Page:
The inquiry group reports, written between 2008 and 2010, are intended to strengthen and connect the informal STEM learning community by catalyzing conversations across the field around issues and topics of common concern.
Describes, various policies, internal and external, written and implicit, which now encourage or constrain informal science education.
The report offers a theoretical framework for thinking about inclusion of people with disabilities in informal science education (ISE), then reviews current practice in museums (broadly defined), in media and technology, and in youth and community programs.
This report examines what the authors call "the hybrid nature of formal-informal collaborations" and draws on relevant theoretical perspectives and a series of case studies to highlight ways in which the affordances of formal and informal settings can be combined and leveraged to create rich, compelling, authentic, and engaging science that can be systematically developed over time and settings.
This report analyzed existing PPSR projects and programs, which vary in the extent to which the public is involved in different aspects of a scientific investigation—from data collection to defining a question for study. Such projects contribute to awareness and understanding of key scientific concepts and excel in building interest in scientific activities and developing science-related skills, the evidence suggests.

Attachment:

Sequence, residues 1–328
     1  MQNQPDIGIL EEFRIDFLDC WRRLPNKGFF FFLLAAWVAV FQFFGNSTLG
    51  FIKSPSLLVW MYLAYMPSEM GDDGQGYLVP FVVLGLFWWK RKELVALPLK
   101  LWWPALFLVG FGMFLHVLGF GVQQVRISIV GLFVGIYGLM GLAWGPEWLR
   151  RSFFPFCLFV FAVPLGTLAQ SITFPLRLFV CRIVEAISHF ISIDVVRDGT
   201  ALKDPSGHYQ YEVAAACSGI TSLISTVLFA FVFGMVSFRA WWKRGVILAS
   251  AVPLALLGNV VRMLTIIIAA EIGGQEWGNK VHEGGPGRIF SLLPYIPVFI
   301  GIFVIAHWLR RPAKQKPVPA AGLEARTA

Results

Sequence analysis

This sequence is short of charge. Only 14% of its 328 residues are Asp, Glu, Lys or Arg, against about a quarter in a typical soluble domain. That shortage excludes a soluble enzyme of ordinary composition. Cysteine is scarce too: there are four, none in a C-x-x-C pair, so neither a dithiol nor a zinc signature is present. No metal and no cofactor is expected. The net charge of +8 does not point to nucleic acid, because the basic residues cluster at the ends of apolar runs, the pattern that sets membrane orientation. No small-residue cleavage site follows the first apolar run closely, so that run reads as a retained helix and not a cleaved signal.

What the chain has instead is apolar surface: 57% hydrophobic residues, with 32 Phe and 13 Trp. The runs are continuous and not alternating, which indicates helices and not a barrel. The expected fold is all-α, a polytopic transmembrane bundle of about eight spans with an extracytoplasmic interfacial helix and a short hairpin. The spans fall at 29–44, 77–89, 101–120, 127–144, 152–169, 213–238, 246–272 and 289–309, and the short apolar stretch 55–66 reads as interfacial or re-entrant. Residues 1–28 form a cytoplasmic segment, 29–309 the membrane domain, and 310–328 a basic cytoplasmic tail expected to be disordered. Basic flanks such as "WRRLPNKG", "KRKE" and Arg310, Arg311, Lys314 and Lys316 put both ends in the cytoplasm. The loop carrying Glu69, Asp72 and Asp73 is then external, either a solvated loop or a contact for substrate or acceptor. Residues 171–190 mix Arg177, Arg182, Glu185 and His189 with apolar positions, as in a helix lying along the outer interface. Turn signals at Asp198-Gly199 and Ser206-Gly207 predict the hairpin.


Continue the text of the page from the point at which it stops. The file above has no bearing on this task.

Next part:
Is nanotechnology safe? How should we respond to the possibility of catastrophic global climate change? Faced with profound personal and societal questions like these, we need the best scientific knowledge available. This report been analyzes public engagement with science in informal media like television, museums, and science cafes.